The way mobile phone charges are calculated is anything but transparent, and we frequently find them very confusing. Fortunately for consumers, next week will finally see the start of a process that will ultimately make bills easier to follow and reduce the risk of people on contracts getting unexpectedly large bills.
Picture by Graham Crouch/Getty Images
From September 1, any company selling mobile phone services in Australia has to abide by the Telecommunications Consumer Protection Code. We wrote this up in detail when it was first finalised in July. The code will eliminate confusing terms such as "cap", require providers to give a clear indication of calling and data costs, and provide alerts to consumers when they have come close to using their credit.
That's the good news. The bad news is that the rules for contract plans don't all take effect at once, but will kick in over the course of more than a year. These are the key dates to note:
- September 1 2012: Signing up to the code becomes a requirement.
- October 27 2012 : All providers must indicate unit pricing, including the cost of calls to Australian numbers, sending a text message in Australia and downloading 1MB of data.
- March 1 2013: All providers must offer a Critical Information Summary, including unit pricing and also how many 2-minute calls you could make with the supplied amount of credit.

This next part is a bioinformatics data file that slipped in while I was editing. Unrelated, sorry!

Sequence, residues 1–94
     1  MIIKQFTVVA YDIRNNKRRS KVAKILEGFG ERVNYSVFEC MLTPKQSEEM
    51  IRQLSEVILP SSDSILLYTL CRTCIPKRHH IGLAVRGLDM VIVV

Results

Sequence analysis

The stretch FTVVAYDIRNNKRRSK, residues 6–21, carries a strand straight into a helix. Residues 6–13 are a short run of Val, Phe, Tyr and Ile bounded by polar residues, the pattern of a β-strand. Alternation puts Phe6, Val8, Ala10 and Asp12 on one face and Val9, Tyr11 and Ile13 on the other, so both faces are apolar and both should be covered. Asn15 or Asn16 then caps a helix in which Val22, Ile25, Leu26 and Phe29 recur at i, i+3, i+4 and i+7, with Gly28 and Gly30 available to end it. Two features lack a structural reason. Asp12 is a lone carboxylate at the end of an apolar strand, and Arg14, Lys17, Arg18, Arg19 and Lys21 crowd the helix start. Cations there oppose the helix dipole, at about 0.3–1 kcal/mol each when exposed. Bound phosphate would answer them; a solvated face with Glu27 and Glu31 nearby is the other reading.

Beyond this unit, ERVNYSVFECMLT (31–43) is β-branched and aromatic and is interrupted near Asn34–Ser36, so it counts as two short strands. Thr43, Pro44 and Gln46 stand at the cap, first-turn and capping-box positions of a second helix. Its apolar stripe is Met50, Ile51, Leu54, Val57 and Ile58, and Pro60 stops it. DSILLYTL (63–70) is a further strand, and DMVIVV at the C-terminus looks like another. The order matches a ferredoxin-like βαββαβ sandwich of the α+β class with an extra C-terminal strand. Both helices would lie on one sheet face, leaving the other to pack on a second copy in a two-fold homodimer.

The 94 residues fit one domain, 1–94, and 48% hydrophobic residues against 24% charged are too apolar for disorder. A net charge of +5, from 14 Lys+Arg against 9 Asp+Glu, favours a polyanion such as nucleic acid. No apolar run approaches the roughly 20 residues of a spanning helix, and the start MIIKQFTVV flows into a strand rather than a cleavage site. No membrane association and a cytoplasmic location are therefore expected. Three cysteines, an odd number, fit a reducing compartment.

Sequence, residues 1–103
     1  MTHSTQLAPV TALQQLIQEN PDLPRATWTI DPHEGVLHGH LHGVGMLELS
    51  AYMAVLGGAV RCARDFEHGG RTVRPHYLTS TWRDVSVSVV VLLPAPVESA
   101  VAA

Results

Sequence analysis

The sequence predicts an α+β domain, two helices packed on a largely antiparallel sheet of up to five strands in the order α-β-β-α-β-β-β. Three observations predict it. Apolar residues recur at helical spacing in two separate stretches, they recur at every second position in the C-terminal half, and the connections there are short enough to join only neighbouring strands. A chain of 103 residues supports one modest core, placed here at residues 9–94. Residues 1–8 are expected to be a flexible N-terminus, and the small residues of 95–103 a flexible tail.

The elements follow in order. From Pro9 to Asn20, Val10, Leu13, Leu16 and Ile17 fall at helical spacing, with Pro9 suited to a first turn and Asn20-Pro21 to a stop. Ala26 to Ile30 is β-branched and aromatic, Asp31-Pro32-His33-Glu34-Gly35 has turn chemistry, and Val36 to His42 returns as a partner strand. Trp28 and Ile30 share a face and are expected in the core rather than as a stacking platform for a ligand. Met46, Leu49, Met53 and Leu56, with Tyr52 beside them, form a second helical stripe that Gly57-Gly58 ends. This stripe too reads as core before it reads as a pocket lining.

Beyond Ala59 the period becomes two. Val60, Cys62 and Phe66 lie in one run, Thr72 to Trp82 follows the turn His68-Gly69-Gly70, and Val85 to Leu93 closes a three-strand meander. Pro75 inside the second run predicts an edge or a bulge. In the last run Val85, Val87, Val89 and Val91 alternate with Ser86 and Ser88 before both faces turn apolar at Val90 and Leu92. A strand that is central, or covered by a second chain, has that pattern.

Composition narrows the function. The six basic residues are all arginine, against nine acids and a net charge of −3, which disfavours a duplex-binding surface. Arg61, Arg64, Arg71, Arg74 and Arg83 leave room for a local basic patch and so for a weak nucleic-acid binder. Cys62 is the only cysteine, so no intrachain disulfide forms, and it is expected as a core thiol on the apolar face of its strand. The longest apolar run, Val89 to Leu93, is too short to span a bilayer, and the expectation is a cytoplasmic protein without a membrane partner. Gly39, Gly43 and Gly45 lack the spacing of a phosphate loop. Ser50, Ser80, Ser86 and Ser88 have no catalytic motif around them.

- September 1 2013: Large providers must send text messages indicating when you have used 50, 85 and 100 per cent of your credit.
- September 1 2014: Smaller mobile providers must provide usage indicators.
For more detail on each of these stages, see our earlier post.
Stopping phone companies from hiding their conditions in small print and making actual costs difficult to calculate is a worthy goal. That said, if you are signing up for a phone plan, you shouldn't be relying solely on the new information or the headline cost of a plan. For instance, the new data won't help you factor in extra options such as free calls to other users on the same network, or the cost of voicemail.
Analyse your own usage patterns. If you make loads of calls and send lots of texts, look for a plan which offers unlimited options there. If you're a data addict, that can be more important than the cost of calls. Remember, you'll be on a contract for 12 months, and more often 24 months; taking time up front to determine if you'll get value for money is important.